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Marijuana 101: Is Cannabis Really a Gateway Drug?

What’s the Reality of Marijuana’s Gateway Drug Theory?

Medical marijuana has now been legalized in 33 states of the US now. This clearly indicates how people are now turning away from the stigma associated with the herb. People today are understanding the medicinal potential of the herb. Given this, we are getting hundreds of applications for a medical cannabis card Long Beach almost every day.

However, even amid this, there is a significant number of people that still believe those old, and some may even say baseless, claims against cannabis. People still say you can overdose on the herb and it can cause instant burnouts. Among all these, though, the loudest argument is perhaps the one suggesting cannabis to be a gateway drug.

But is it really the case? Does this gateway drug argument really have any logic?

Well, some say the claim is not even in close proximity to reality. While on the other side, there are studies proving the exact opposite. 

But what’s the truth, then?

In this article, we try to find the answer to this very question.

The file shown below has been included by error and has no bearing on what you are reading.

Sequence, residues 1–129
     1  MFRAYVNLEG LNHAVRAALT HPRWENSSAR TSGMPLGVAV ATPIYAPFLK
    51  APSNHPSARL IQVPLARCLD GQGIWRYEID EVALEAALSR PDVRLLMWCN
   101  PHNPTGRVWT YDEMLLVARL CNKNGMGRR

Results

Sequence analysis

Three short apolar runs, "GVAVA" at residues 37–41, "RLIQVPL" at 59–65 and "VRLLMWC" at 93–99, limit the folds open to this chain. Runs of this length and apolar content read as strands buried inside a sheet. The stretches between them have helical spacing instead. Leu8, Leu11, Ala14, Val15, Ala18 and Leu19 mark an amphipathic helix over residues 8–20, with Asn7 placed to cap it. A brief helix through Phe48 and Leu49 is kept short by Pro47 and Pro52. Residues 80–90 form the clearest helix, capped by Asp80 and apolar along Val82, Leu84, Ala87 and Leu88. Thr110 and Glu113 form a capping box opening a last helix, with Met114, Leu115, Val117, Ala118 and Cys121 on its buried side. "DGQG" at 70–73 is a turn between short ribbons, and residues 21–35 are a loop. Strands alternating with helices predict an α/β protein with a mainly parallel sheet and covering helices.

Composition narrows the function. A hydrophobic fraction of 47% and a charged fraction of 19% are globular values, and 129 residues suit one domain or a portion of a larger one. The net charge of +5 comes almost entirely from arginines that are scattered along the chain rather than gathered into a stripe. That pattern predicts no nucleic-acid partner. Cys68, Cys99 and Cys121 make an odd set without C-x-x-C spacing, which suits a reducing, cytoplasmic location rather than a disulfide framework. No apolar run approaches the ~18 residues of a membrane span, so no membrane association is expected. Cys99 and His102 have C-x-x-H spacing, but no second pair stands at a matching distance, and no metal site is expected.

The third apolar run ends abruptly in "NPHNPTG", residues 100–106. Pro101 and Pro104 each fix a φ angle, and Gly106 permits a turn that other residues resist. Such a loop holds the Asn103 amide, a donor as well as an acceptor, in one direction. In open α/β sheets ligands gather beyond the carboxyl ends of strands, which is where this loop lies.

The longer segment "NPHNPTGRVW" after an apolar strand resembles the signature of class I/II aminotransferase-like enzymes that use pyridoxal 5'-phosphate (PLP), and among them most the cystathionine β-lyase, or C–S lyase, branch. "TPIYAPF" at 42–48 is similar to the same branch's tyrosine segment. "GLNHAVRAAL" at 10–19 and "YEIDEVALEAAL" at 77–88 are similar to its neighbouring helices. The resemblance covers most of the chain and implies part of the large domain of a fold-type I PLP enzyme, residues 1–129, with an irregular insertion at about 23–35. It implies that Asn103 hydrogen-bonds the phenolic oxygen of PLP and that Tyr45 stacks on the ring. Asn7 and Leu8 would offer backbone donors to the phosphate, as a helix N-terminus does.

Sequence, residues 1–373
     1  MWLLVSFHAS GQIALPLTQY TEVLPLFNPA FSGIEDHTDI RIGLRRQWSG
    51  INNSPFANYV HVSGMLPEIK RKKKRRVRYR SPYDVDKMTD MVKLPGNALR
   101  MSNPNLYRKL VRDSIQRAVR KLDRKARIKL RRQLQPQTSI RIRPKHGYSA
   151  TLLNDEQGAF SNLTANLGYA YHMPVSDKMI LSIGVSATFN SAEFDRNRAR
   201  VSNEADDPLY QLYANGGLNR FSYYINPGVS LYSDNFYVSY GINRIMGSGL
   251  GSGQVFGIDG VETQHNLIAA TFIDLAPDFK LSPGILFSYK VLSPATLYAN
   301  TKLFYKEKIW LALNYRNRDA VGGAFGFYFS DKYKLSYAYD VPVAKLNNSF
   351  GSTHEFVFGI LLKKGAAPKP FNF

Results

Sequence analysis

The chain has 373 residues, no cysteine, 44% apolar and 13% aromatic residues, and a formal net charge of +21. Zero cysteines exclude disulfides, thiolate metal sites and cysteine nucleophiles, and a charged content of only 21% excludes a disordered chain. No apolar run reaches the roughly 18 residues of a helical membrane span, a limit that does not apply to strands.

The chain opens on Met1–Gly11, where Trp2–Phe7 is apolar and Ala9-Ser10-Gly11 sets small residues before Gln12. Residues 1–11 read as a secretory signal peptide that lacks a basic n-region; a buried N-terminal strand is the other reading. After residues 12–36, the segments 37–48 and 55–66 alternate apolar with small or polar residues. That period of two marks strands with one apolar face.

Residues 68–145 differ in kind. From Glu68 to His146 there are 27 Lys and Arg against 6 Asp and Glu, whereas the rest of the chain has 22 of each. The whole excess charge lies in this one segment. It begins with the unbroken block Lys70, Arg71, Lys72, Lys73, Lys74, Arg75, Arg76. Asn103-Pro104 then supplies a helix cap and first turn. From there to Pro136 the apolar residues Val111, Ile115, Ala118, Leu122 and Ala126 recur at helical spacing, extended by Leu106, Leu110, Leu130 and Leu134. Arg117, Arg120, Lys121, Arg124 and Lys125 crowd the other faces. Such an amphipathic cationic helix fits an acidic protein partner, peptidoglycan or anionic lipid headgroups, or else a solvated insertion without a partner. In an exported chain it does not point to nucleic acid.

The Gateway Drug Theory Explained

Well, if you are new to the marijuana world, you perhaps aren’t aware of the theory exactly. And so, before we get on to talking about the ifs and buts of it, it’s important to clearly understand what exactly the gateway theory is.

To keep things simple, the gateway theory is nothing but an idea claiming that if you consume a psychoactive substance, it has the power to drive you to chase more highs. Theoretically speaking, this will make you consume harder and more addictive drugs. 

Now, bringing the light back to marijuana, some people claim that the herb too has the same abilities. The argument says that consuming marijuana, even for once, may make you fall for other dangerous drugs, including heroin and LSD, etc. 

The hard truth, though, is that even when we have hundreds of studies proving the potential of cannabis to manage various medical ailments, there is a significant part of our society still clouded with such claims.

Let’s see what the arguments of these people are based on.

Reasonings For Cannabis as a Gateway Drug?

You might think that the claims that people make for cannabis being a gateway drug might be without any logic. However, contrary to this, there are a few points that back this theory.